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Tool brands: How do you decide?

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Forum topic by ChuckC posted 08-23-2012 04:05 PM 1552 views 0 times favorited 66 replies Add to Favorites Watch
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ChuckC

687 posts in 1586 days


08-23-2012 04:05 PM

Topic tags/keywords: tools brands

We all tend to gravitate to one brand or another. Some people buy Powermatic or Festool because they want a high quality tool while others love Harbor Freight for the value. In a perfect world we would get high quality at a low cost with great customer service. That’s probably never going to happen.

I find myself somewhere in the middle. I can appreciate some of the stuff Harbor Freight has but for the essentials I’d rather spend more and get more. I also don’t want to have to screw around with a tool after I buy it. Some people like that, and that’s fine.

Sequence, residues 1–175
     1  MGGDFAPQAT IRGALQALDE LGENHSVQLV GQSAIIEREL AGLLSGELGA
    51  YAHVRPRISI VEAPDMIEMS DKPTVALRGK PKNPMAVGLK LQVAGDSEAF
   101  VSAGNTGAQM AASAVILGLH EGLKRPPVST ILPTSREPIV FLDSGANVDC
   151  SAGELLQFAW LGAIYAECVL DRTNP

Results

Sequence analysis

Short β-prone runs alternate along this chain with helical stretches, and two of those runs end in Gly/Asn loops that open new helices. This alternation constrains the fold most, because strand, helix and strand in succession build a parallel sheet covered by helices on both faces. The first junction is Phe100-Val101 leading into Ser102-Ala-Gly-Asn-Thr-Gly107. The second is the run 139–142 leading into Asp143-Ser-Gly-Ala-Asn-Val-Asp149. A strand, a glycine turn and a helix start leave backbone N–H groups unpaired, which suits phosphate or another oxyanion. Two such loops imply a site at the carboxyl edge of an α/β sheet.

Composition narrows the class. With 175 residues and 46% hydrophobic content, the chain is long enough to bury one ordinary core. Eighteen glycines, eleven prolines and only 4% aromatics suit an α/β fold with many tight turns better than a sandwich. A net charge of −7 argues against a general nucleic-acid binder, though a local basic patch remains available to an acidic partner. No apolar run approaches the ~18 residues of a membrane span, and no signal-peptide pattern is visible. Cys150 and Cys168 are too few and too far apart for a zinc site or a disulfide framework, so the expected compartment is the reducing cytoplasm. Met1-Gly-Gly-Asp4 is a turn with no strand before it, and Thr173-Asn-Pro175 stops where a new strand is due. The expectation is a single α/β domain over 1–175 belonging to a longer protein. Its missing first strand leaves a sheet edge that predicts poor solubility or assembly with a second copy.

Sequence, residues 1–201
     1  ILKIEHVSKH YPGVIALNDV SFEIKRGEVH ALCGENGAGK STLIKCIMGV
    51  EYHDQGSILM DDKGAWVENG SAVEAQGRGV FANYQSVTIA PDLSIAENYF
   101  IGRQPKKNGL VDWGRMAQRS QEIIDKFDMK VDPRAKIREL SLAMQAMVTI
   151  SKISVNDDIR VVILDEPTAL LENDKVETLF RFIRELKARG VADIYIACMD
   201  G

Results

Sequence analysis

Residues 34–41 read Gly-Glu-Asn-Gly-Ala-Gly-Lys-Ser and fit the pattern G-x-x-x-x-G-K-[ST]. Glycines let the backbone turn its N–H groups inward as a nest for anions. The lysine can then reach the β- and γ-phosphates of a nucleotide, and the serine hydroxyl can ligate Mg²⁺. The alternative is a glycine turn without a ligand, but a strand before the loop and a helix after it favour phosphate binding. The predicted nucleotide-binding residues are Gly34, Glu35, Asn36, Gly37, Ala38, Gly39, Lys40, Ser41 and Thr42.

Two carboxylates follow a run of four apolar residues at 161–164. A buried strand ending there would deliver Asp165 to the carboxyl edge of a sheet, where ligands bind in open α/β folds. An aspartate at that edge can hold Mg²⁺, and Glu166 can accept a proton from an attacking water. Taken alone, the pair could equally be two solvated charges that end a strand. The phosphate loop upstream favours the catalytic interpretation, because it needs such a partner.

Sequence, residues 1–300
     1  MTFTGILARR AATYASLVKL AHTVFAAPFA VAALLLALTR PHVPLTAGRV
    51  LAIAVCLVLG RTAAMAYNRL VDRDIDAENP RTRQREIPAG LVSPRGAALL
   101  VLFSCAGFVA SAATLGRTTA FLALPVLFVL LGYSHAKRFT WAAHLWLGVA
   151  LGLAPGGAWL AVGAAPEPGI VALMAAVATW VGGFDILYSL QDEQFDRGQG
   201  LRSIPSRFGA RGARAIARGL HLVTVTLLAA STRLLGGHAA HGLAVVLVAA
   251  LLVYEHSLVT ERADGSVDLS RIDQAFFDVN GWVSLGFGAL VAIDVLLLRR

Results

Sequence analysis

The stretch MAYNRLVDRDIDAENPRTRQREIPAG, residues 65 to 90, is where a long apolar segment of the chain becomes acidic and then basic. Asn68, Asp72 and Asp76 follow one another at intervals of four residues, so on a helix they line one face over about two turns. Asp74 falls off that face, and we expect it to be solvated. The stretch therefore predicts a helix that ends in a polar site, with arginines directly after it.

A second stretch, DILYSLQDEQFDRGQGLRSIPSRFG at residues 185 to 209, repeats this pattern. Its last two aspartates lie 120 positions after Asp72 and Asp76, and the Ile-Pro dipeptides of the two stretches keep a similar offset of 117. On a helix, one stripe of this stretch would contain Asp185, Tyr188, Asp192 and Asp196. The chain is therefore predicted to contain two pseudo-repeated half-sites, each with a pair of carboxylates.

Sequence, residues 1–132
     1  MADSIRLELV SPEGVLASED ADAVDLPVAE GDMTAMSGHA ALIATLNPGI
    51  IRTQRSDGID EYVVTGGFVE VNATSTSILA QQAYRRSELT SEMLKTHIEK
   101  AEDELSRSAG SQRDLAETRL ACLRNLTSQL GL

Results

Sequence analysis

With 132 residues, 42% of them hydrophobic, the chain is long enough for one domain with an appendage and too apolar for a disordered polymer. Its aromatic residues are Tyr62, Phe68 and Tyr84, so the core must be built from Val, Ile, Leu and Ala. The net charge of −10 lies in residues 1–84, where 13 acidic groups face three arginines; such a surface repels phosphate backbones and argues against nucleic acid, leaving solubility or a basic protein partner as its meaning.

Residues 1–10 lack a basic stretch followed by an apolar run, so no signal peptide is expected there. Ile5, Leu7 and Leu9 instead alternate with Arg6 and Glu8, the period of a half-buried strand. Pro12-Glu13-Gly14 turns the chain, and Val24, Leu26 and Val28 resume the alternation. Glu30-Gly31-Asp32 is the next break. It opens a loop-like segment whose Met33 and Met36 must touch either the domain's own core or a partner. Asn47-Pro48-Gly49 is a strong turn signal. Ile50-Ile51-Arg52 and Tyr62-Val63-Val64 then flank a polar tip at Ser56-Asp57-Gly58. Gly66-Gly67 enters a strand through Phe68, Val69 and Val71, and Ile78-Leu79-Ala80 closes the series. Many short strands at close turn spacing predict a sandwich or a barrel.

Another huge factor for me is customer service. I’ll always stick with a company known for excellent customer service. I had an issue with my Powermatic BS 2 weeks ago. It’s 2 years out of warranty and they sent me the parts, free, no questions asked.

What makes you choose one brand from another?


66 replies so far

View Bill White's profile

Bill White

3447 posts in 2611 days


#1 posted 08-23-2012 04:11 PM

Grizz lathe, TS, and BS in this shop. Value and customer service for me.
Bill

-- bill@magraphics.us

View Surfside's profile

Surfside

3135 posts in 824 days


#2 posted 08-23-2012 04:19 PM